the extent to which Greenland ice core time series can be used as indicative of palaeoclimate changes across northern Europe.
The study of the Cryosphere is increasingly focussing on the large-scale and remote environments, where traditional fieldwork
techniques are difficult or impossible to apply. In consequence, we are tackling, for example, the study of polar ice sheets,
and continental-scale glacial geomorphology, using a suite of remote
sensing tools including satellite data, airborne and ground-based geophysical techniques such as radar, and Geographical
Information Systems (GIS).
Using remote sensing and GIS to investigate drumlins and MSGL:
Drumlins are likely the most studied landforms in glacial geomorphology (>1400 papers), and yet it is not clear how they are formed. Mega Scale Glacial Lineations, "discovered" more recently, are often considered, like drumlins, to represent information on past ice flow. However, there are many uncertainties in previous interpretation of drumlin and MSGl formation, which can often be related to the earlier use of outdated analytical techniques and undersampling of the landforms. This project uses a suite of GIS tools and DTM data to analyse drumlins and MSGL 2 and 3D morphometric properties in general and the spatial distribution of these properties within a landform swarm in particular. The aim is that of creating a solid data-based framework of information on drumlin morphometry that could be used as a tool to (i) challenge previous drumlin formation hypotheses and (ii) develop and/or test any numerical model of drumlin formation.
Investigating ice flow into Eltanin Bay, Bellingshausen Sea, West Antarctica:
This work is using glacial geophysical methods to assess the extent to which ocean warming is inducing accelerated transfer of inland ice to the ocean in West Antarctica. Collaborating with members of the Ice Sheets group at the British Antarctic Survey, the goal is to quantify the response of inland ice in the Eltanin Bay region to a known oceanic forcing. Results will be used to improve our understanding of ice-ocean interactions in a poorly known yet rapidly changing sector of the West Antarctic Ice Sheet.
(Funding: NERC Antarctic Funding Initiative)
Research in this theme is concerned with exploring and improving our understanding of one of our planet's last great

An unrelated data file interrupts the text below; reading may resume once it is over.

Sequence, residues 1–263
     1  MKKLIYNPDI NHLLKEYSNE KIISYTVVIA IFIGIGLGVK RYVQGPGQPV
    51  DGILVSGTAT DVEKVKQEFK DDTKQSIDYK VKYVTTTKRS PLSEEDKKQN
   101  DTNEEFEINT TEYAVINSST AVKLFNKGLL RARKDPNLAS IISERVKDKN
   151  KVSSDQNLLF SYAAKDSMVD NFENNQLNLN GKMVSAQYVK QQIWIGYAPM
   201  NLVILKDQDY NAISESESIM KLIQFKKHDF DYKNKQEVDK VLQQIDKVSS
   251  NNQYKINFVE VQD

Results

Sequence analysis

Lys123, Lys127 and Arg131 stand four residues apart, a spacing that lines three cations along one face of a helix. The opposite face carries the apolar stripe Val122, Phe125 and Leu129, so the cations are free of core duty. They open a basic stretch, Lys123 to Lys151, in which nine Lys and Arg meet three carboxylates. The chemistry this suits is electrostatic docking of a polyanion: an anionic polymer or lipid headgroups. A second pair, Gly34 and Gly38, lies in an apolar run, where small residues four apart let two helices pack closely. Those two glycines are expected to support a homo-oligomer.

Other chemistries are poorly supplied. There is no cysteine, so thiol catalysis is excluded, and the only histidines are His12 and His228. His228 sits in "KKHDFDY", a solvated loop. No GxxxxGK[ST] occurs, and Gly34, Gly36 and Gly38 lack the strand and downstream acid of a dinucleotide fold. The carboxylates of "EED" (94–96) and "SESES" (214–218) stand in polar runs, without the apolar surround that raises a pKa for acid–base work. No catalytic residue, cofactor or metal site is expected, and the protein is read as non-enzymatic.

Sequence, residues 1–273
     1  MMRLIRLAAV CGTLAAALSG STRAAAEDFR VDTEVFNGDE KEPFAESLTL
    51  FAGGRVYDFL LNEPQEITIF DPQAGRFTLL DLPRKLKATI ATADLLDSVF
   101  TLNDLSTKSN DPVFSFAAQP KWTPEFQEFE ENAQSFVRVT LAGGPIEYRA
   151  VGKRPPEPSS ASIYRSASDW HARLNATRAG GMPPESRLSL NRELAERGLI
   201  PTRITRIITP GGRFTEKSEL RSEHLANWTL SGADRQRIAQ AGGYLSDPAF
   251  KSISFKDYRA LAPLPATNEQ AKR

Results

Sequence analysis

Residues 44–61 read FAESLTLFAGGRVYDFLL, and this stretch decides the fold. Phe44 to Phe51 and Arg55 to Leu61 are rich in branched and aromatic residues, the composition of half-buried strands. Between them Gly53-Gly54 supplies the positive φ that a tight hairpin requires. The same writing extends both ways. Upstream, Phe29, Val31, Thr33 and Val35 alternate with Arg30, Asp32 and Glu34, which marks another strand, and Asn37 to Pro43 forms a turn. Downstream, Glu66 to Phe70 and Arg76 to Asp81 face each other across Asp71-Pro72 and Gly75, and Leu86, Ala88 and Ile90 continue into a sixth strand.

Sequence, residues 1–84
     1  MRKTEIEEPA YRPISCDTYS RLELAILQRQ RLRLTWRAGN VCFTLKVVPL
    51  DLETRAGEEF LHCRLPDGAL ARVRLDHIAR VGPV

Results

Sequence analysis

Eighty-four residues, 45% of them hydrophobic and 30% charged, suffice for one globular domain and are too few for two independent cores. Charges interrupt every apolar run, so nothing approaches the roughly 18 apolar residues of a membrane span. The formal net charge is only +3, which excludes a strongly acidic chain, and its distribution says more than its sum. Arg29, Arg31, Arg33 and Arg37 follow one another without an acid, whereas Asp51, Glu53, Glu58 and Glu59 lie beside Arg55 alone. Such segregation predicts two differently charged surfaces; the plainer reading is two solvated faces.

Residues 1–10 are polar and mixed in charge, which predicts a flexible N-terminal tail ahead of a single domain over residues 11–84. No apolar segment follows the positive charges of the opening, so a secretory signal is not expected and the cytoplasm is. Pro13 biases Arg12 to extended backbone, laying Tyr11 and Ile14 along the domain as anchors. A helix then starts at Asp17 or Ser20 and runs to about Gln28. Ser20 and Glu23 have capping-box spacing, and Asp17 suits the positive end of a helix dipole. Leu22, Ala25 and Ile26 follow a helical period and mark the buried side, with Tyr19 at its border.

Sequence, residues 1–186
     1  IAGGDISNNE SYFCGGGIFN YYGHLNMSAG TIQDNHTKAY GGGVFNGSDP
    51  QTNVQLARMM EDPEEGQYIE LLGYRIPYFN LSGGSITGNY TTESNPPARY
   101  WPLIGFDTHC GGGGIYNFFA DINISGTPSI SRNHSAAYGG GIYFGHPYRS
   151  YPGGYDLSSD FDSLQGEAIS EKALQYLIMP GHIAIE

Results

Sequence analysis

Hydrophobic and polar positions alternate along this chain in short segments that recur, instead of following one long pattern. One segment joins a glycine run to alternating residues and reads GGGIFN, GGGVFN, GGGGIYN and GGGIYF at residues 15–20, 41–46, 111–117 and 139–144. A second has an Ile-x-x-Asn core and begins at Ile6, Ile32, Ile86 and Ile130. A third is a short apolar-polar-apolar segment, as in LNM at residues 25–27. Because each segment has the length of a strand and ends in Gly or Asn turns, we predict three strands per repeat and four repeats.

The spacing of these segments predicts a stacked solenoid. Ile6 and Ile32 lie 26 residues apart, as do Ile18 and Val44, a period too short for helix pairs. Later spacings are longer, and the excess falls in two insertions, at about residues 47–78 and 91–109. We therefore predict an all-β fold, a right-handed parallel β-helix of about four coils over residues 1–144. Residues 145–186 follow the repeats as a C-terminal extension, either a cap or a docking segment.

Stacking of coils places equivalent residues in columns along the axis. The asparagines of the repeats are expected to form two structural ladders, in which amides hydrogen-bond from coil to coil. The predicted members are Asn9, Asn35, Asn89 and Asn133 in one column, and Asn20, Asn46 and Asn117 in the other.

frontiers: the environment beneath ice sheets and glaciers. Projects deploy state of the art techniques in remote sensing
and fieldwork in a mission to inform numerical models of ice flow essential for predicting future ice-mass behaviour and
contribution to future global sea level.
Basal boundary conditions for Institute and Moller Ice Streams, West Antarctica:
The Institute and Moller ice streams (IIS/MIS) drain about 20% of the West Antarctic Ice Sheet (WAIS) to the Ronne Ice Shelf, yet our knowledge of their current form and flow history is severely restricted compared with other fast flowing regions in West Antarctica. In collaboration with the University of Edinburgh, British Antarctic Survey and the University of York, an extensive aerogeophysical survey is being conducted across this enigmatic region of the WAIS, with the ultimate aim of deriving boundary conditions essential for modelling the future form and flow of the West Antarctic Ice Sheet.
(Funding: NERC Antarctic Funding Initiative)
Hydrology and dynamics of the Greenland Ice Sheet:
This research focuses on obtaining a better understanding of the basal and internal processes which influence ice sheet dynamics. Ongoing research on the Greenland Ice Sheet aims to characterise the coupling between surface meltwater and ice dynamics and its temporal and spatial evolution continuously over several annual cycles. The field experiments, in conjunction with remotely sensed data, focus on two flow-parallel transects at the western margin of the GrIS in land and marine terminating catchments (Leverett/Russell Glacier and Kangiata Nunata Sermia respectively). Motion characteristics are compared with hydrological results to determine how glacier hydrology exerts control on variations in ice motion.
(Funding: NERC, Carnegie Trust for the Universities of Scotland)
Investigations of basal roughness beneath continental-scale ice sheets:
The roughness of the bed beneath an ice sheet may impart significant controls on the speed and direction of overflowing ice, and may in turn be shaped by erosional and depositional processes. Ongoing research aims to utilise radar data and digital elevation data to assess the roughness of both modern and palaeo-ice sheet beds and relate roughness signatures to ice-dynamical features and subglacial properties.
3D patterns of stress and velocity in glaciers:
In the Alps, field research has been undertaken at Haut Glacier d'Arolla, Valais, Switzerland over fourteen years from 1994-2007 including measurements of subglacial water pressures, substrate strength and rates of deformation, basal motion, internal motion and surface motion. Results have been analysed to help develop and constrain first order 3-D models of glacier flow.
(Funding: NERC, Carnegie Trust for the Universities of Scotland)